Love it or loathe it, the pharmaceutical industry is really good at protecting its intellectual property. Drug companies pour billions into discovering new drugs and bringing them to market, and they do whatever it takes to make sure they have exclusive positions to profit from their innovations for as long a possible. Patent applications are meticulously crafted to keep the competition at bay for as long as possible, which is why it often takes ages for cheaper generic versions of blockbuster medications to hit the market, to the chagrin of patients, insurers, and policymakers alike.
Drug companies now appear poised to benefit from the artificial intelligence revolution to solidify their patent positions even further. New computational methods are being employed to not only plan the synthesis of new drugs, but to also find alternative pathways to the same end product that might present a patent loophole. AI just might change the face of drug development in the near future, and not necessarily for the better.
Many Paths to Progress
In most industries, a patent is a simple concept: come up with a new idea, and if it proves to be novel, non-obvious, and useful, chances are good that a patent will be granted that prevents anyone but the owner from making, using, selling, or importing the covered invention for a certain period of time. The rub to the patent process is that the application must reveal everything about the invention publicly, which means that after the exclusivity period has expired, anyone can profit from the original inventor’s work.
Pharmaceuticals, though, are treated differently. Since it’s relatively easy to reverse engineer a chemical compound using analytical chemistry tools and methods, patents for drugs concentrate on the process used to arrive at the desired endpoint. Most drugs are relatively simple organic compounds whose creation is a long, complicated series of reactions. They’ll often start with a couple of simple compounds, reacted together under just the right conditions to yield an intermediate compound. That product is then perhaps purified before being mixed with a fourth compound, and the process continues. Functional groups are added or subtracted at each step until the final compound is created in sufficient quantity and quality.
Every step in the process is claimed in the process patent application so that the resulting patent is as broad as possible. But it doesn’t stop there. There may be more than one way to skin the synthetic cat, and every single feasible alternative synthesis needs to be covered by the application too. Chemists at pharmaceutical companies spend a lot of effort looking for and plugging these potential patent loopholes.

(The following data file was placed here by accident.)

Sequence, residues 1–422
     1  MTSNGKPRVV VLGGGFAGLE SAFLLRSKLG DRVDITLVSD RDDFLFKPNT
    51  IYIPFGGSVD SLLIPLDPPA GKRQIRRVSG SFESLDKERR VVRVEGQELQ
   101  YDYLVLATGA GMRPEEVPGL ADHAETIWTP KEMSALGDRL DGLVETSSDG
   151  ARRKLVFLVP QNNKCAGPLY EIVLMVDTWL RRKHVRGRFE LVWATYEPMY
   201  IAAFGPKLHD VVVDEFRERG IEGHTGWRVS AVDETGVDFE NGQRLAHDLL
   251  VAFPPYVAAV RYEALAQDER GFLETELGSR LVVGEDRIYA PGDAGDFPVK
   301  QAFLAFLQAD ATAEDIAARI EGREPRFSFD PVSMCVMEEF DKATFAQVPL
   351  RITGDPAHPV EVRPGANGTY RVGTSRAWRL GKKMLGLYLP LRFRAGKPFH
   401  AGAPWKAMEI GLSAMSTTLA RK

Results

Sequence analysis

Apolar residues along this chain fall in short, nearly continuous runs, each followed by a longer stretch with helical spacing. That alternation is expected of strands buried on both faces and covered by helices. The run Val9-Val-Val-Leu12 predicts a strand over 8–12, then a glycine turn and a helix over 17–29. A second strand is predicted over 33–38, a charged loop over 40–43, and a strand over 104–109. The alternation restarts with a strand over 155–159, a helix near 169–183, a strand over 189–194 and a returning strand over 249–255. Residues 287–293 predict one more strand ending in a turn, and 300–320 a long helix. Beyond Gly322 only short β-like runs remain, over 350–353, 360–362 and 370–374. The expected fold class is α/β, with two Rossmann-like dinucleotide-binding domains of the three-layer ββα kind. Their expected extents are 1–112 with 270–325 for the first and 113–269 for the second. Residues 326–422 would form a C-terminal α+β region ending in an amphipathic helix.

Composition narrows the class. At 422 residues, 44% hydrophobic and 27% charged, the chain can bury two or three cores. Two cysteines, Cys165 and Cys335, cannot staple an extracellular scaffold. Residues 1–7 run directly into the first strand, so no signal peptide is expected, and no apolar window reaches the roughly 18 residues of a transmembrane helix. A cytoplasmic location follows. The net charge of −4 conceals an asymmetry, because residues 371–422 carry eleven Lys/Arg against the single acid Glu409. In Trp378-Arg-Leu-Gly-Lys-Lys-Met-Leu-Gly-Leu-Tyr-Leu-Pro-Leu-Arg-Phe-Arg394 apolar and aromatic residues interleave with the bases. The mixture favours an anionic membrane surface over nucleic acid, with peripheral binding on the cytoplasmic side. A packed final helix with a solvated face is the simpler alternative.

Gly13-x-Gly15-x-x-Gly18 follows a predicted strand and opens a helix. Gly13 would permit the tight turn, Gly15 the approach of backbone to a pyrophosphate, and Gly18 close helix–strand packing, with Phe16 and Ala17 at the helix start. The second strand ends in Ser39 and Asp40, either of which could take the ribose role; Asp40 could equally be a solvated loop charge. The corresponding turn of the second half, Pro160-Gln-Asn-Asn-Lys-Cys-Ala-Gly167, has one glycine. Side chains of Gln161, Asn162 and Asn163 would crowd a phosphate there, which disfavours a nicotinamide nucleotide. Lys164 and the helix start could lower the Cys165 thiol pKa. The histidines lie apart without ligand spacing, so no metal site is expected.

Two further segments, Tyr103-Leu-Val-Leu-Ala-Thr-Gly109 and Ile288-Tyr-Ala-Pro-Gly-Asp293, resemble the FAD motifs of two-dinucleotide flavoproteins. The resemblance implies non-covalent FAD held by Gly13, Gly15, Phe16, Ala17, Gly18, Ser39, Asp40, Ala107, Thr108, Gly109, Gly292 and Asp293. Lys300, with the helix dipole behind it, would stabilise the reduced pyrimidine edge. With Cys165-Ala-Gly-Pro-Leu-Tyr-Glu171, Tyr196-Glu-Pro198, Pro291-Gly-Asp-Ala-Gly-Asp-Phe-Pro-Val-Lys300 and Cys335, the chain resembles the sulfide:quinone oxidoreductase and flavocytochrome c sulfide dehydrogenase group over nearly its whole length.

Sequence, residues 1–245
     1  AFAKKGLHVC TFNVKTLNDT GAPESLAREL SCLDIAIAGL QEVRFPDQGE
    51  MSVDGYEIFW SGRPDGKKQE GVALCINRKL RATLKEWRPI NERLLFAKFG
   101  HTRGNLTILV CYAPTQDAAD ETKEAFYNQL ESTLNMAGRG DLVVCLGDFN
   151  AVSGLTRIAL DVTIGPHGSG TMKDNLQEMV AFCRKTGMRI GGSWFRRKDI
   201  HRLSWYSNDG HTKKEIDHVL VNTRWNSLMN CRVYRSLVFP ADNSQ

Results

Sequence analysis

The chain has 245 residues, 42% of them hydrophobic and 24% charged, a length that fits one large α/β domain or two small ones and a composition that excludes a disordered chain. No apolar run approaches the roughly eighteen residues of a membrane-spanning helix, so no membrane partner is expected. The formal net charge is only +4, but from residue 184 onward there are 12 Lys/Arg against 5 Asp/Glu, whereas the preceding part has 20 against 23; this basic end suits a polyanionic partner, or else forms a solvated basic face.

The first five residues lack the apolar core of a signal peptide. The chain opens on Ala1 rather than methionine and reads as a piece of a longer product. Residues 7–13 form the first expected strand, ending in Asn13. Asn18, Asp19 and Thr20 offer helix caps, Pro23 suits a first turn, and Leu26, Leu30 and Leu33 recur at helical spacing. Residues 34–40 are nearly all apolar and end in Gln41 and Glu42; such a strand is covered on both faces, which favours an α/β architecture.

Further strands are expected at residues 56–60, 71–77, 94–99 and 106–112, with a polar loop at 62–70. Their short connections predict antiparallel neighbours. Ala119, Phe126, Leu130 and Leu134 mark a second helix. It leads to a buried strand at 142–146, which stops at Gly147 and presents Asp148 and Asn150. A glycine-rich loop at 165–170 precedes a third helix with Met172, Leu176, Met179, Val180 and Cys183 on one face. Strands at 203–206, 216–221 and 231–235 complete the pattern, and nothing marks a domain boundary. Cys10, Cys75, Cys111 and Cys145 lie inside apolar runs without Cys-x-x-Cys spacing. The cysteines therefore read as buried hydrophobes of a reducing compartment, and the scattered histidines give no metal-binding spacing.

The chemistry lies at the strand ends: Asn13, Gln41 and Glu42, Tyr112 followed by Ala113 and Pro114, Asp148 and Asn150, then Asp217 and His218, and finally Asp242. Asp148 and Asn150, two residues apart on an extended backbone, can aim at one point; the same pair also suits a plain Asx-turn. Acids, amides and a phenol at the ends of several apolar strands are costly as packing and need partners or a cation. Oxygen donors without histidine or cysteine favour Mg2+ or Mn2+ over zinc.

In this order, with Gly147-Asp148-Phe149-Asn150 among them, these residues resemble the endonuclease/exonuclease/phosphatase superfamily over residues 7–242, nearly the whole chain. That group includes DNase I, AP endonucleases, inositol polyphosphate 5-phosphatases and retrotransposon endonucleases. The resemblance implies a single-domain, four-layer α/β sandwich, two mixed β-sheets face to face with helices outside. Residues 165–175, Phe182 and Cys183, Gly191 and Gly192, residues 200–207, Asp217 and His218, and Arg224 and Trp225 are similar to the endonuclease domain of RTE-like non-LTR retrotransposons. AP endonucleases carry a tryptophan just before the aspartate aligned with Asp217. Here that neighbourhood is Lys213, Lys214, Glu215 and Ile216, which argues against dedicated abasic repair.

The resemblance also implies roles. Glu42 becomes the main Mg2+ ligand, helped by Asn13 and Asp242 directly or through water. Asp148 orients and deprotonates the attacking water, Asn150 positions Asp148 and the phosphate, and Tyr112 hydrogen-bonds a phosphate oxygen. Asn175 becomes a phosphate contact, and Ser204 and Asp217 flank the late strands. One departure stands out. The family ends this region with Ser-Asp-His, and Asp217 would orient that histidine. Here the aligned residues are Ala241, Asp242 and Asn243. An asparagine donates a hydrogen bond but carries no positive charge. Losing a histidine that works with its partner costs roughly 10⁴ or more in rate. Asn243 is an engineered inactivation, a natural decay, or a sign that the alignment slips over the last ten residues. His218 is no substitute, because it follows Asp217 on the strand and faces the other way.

AI to the Rescue
Both the design of the best, most commercially viable synthesis and the search for loopholes are perfect applications for AI. Syntheses can be broken down into well-defined steps governed by rules that an expert system can rapidly churn through, searching for a path from a known starting point to the desired product. Researchers at the Polish Academy of Sciences and the Ulsan National Institute of Science and Technology in South Korea had previously shown that an application called Chematica can autonomously generate a synthetic plan for a group of seven well-known drugs from simple starting materials. (Chematica was recently purchased by Merck and seems to have been rebranded as Synthia.) Each plan was generated in about 20 minutes and verified by chemists, who followed the synthetic instructions in the lab and came up with the right endpoints.
As a follow-up, the same team turned that process around, using Chematica to search for “retrosynthetic” paths to three new endpoints. This time, the products were blockbuster drugs with billions in sales and presumably air-tight patent positions. The researchers gave Chematica some rules, making certain key synthetic steps off-limits to the algorithm and forcing it to find alternate ways to the same product. To their surprise, paths to each of endpoints were discovered that successfully evaded the patent-infringing steps.
The implications of this development are potentially far-reaching. In the first instance, it seems like Chematica and similar tools will quickly become an aid to the intuitive, creative process of designing an organic synthesis. Such applications could also put a fair number of chemists out of a job, when it can do in 20 minutes what a chemist might take weeks or months to accomplish.
On the other hand, AI applications like these stand to stifle competition. The more airtight the patent position for a drug, the longer the patent owner can maintain a monopoly on that drug. Using AI to test for loopholes around the synthetic process only solidifies the claims, making it less likely that generic versions of a drug will reach the market in a timely fashion.
Taken at face value, the use of AI to both explore new routes to drug synthesis and find potential patent loopholes is a fascinating use of technology. But like anything else, the devil is in the details, and when such systems are inevitably put into widespread use, it’s likely that the ones that end up paying the price of progress will be the consumers.